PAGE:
Tourism has become an important economic activity in all the countries of the world. It creates various direct, indirect and induced effects in the economy. Over the past several decades international tourism has gained distinct importance around the globe and it is one of the major
(Fourth Largest) sectors on Nepal’s economic stage. From the government through big hotels, small hotels, restaurants, bars and shops, each and every average person working in the tourism industry and related services, relies heavily on the performance of this industry. The entire travel segment was hugely impacted by the Covid pandemic and is still on the road to recovery. As a lot of people rely on this industry for sustenance, it is very important to revive it by attracting more tourists into the country. It is important that all involved parties, both, private and government act together in unity to promote Nepal at the international travel forums.
Arabian Travel Market (ATM) which is one of the three most important fairs for our destination was recently held in Dubai. Marriott Nepal representation supported the platform however a better collaborated representation could have been a huge support to promote the country as a destination, thus giving a boost to individual hotels, travel agents and all related businesses.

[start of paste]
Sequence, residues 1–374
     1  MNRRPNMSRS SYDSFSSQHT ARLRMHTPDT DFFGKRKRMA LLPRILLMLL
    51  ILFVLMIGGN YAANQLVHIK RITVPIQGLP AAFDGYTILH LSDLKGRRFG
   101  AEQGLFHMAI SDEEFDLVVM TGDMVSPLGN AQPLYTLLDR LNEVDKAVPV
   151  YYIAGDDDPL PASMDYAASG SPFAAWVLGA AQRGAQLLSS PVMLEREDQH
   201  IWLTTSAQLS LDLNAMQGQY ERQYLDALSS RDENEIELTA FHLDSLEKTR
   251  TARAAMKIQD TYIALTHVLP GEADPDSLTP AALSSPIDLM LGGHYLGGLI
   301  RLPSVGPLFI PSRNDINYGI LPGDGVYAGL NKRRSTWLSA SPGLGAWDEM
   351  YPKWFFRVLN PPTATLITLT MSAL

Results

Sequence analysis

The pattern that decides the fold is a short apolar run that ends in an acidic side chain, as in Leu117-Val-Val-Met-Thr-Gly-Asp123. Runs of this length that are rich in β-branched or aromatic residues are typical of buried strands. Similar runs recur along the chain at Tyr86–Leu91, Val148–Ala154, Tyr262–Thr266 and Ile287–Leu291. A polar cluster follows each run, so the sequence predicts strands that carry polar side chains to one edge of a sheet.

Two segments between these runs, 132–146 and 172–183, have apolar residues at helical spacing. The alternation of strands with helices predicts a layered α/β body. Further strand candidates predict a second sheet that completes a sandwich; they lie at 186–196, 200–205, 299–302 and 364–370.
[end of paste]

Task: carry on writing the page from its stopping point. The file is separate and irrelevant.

In conversation with Piotr Madej, Cluster General Manager of Kathmandu Marriott Hotel and Fairfield by Marriott, we discover his experience at the ATM and what concerned agencies like Nepal Tourism Board and Hotel Association of Nepal could do in upcoming World Travel Market in the London.
What was your reaction when you realized that Nepal had no representation at the ATM?
Honestly, I was surprised and sad not to see any representatives of Nepal at the ATM. Apart from Marriott Hotels I have only come across a representation of The Soaltee Hotel – whom I was happy to see and share few meetings with, despite being a competitor hotel. I do believe that united we stay strong, and thus, I had expectations to see a combined stands for Travel Agents and Hotels. In my previous experiences, such initiatives were always driven by Tourism Boards, Travel Organizations or Ministries directly. There were big stands and expositions of various countries like Turkmenistan, Tajikistan, Zimbabwe but Nepal didn’t have any stands over there which I felt was a big, lost opportunity.
Do you think there might be any reason in not participating at the ATM?
A stall at the ATM costs around $30,000 and I understand it’s a lot of money. Local travel agencies or individual hotels will not be able to bear that cost. This is why, as practiced in many countries, the related state tourism organization would book a stall and divide it among 30 travel agencies. This way, cost could be divided and would come to an affordable range. Promotion at Arabian Travel Market would have really boosted the tourism in Nepal.